IMF urges policymakers to consider rising power of big successful companies
The International Monetary Fund (IMF) has said that rising power of big successful companies across the world could lower capital investment, weaken productivity and reduce people’s take-home pay.
While the rising corporate market power has had a fairly limited negative economic impact so far, it could take a bigger toll on growth and people’s income if left unchecked.
“Policymakers around the world need to ensure a level playing field among all companies, including new ones. This means lowering domestic barriers to entry, for example, by reducing administrative burdens on start-ups and reducing barriers to trade and foreign direct investment — especially in services,” the IMF said in a blog post on Thursday (local time).
It also means strengthening some features of competition law and policies such as the role of market examinations, reforming corporate taxes to tax the excess returns on capital derived from market power, and ensuring that intellectual property rights encourage ground-breaking innovations more than incremental ones.
The IMF survey of nearly one million companies from 27 advanced and emerging market economies since the early 2000s shows that firms’ average price markup — the ratio of a company’s product price to its production cost — has increased moderately.
Across advanced economies, average markups increased by eight per cent since 2000 but by less than two per cent in those emerging economies covered by the analysis. This increase in market power has taken place in most industries, but it has been driven by a small fraction of companies.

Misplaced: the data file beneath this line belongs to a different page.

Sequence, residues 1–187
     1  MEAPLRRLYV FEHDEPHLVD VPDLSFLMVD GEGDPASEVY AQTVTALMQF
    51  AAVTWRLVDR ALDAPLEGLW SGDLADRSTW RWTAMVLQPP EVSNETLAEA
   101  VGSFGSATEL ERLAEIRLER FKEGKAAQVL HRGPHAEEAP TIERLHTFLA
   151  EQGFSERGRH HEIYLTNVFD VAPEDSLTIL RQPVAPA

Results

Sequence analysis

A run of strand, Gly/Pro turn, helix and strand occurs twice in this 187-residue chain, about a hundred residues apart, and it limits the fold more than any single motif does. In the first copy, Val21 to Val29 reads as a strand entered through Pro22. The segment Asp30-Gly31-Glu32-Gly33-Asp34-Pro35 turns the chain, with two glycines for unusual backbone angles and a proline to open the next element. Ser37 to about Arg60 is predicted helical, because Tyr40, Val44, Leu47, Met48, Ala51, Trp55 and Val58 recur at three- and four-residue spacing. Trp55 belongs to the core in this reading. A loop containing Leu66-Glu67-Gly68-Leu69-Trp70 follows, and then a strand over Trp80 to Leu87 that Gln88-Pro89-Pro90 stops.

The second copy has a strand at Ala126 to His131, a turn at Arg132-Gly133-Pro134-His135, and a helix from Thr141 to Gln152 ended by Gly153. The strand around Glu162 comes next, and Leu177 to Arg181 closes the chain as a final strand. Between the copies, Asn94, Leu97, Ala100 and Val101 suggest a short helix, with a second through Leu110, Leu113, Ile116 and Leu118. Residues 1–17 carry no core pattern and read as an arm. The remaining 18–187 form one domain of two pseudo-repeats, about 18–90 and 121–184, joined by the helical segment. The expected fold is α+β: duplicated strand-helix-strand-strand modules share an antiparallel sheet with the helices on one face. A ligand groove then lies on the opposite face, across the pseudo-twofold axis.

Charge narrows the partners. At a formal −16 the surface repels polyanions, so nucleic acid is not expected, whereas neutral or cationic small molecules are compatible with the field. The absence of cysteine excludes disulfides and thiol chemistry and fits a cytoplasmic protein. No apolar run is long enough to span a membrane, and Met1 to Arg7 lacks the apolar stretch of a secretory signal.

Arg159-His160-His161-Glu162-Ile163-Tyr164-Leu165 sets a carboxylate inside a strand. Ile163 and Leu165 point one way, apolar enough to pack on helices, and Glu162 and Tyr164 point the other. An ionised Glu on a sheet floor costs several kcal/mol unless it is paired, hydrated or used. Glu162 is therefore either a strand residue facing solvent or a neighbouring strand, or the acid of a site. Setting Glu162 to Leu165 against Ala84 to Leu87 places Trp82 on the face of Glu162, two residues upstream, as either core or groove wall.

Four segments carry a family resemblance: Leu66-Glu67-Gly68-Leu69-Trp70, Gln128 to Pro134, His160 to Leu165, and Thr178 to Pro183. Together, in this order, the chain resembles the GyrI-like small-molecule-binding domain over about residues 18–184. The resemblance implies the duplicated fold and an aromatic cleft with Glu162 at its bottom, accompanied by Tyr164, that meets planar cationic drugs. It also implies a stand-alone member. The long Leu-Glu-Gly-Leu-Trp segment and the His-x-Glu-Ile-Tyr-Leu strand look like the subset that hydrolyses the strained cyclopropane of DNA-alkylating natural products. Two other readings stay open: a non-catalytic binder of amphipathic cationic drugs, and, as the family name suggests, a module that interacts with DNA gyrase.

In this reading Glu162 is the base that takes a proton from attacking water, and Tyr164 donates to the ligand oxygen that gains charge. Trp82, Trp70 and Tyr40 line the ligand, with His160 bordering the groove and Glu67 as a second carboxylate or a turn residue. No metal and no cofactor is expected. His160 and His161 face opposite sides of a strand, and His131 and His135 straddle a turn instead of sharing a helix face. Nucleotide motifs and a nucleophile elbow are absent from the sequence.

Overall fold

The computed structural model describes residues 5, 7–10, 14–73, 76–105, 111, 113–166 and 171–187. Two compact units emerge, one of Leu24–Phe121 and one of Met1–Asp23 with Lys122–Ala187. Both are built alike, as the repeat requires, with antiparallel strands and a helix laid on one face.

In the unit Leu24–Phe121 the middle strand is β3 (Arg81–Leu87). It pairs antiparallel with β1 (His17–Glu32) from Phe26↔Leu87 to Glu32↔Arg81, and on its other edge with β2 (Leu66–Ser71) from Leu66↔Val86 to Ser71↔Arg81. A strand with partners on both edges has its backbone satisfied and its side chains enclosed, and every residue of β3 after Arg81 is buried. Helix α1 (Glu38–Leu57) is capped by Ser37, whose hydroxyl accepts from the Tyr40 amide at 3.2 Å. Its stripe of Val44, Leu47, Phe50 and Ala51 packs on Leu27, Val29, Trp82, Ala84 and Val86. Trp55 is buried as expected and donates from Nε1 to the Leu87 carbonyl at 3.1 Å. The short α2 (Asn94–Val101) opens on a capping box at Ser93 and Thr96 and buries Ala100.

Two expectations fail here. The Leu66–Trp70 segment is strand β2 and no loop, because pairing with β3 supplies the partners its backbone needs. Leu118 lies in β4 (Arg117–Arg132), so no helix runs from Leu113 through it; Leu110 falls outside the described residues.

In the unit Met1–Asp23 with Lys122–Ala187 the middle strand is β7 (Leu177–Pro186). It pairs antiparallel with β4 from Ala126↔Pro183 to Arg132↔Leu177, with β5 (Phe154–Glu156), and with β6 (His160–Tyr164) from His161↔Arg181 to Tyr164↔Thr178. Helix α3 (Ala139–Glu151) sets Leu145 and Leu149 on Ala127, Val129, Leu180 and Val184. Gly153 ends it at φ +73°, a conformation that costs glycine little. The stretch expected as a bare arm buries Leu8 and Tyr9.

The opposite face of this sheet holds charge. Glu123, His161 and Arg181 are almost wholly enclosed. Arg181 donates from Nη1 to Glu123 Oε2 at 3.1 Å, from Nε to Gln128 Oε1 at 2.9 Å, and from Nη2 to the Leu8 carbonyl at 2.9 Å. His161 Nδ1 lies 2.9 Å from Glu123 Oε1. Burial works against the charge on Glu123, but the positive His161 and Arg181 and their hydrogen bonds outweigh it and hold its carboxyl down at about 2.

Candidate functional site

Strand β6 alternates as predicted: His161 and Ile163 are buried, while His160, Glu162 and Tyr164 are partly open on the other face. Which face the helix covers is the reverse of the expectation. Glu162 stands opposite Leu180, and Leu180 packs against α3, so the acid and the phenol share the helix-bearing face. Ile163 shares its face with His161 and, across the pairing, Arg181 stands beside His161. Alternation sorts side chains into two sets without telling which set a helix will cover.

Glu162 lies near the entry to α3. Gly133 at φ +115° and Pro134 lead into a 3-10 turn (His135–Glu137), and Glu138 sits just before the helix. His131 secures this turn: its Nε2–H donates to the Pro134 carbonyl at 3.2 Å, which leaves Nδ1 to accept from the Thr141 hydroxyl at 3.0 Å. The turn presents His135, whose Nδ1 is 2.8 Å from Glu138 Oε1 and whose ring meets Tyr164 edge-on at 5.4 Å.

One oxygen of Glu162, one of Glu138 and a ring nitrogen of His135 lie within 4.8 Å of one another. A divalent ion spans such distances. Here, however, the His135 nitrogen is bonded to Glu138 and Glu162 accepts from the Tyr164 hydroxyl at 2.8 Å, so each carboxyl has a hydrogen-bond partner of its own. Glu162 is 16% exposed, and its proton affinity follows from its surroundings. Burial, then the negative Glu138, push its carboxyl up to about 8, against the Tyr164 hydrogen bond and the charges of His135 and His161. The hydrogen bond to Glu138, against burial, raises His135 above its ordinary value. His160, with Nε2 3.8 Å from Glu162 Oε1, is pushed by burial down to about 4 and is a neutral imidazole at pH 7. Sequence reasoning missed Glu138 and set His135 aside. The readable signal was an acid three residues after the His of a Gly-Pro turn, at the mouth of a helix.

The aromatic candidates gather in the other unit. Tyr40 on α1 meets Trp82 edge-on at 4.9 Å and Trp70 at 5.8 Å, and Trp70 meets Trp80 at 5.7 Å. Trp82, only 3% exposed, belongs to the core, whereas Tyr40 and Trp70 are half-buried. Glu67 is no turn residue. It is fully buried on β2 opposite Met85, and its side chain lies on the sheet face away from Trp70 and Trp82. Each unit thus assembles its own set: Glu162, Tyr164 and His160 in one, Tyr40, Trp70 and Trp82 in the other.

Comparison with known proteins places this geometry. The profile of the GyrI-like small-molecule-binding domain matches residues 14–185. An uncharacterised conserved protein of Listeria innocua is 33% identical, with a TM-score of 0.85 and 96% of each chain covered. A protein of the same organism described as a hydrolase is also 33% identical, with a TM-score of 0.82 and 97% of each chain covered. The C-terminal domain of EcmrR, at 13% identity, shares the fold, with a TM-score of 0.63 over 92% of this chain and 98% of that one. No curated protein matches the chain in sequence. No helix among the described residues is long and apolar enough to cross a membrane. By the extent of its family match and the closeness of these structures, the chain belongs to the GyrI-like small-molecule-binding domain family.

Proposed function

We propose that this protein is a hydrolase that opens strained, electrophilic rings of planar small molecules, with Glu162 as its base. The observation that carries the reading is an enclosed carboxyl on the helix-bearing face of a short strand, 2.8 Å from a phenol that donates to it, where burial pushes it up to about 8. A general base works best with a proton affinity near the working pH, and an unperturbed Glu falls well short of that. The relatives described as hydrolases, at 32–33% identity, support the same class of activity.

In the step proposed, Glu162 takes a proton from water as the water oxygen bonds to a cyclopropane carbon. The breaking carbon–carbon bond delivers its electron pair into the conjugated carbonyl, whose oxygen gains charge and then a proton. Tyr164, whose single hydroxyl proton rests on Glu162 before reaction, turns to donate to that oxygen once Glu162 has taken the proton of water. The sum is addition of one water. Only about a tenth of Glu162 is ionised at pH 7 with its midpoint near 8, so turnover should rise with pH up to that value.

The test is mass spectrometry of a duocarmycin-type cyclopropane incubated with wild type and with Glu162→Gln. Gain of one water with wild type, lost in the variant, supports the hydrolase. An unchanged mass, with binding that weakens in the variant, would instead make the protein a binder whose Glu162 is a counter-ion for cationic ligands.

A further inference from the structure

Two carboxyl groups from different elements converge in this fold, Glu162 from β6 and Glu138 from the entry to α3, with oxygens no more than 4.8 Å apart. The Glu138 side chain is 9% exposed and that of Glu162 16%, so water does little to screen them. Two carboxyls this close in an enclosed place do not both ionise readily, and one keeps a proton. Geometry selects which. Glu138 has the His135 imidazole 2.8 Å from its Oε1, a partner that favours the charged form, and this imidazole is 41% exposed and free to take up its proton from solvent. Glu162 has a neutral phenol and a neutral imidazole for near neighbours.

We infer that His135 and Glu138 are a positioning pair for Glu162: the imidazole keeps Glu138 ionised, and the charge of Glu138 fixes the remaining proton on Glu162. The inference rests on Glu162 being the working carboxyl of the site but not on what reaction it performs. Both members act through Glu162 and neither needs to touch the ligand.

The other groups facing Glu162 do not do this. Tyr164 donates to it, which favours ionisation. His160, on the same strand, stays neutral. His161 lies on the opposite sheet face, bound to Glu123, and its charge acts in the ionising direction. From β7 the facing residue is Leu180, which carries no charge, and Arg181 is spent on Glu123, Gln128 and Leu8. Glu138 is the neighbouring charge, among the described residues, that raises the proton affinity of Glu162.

Research shows that companies with the highest markups — those in the top 10 per cent — raised theirs by over 30 per cent, while markups have been largely flat among the remaining 90 per cent of companies.
“These high-markup companies vary in size but perform better than others,” the IMF said. “On average, they are about 50 per cent more profitable, over 30 per cent more productive and use 30 per cent more intangible assets like patents or software than others.”
That is because in many markets, the rising market power of the more productive and innovative companies has been helped by their superior ability to exploit proprietary intangible assets, network effects (when a product or service gains additional value as more people use it), and economies of scale (reduced costs per unit as output increases). (ANI)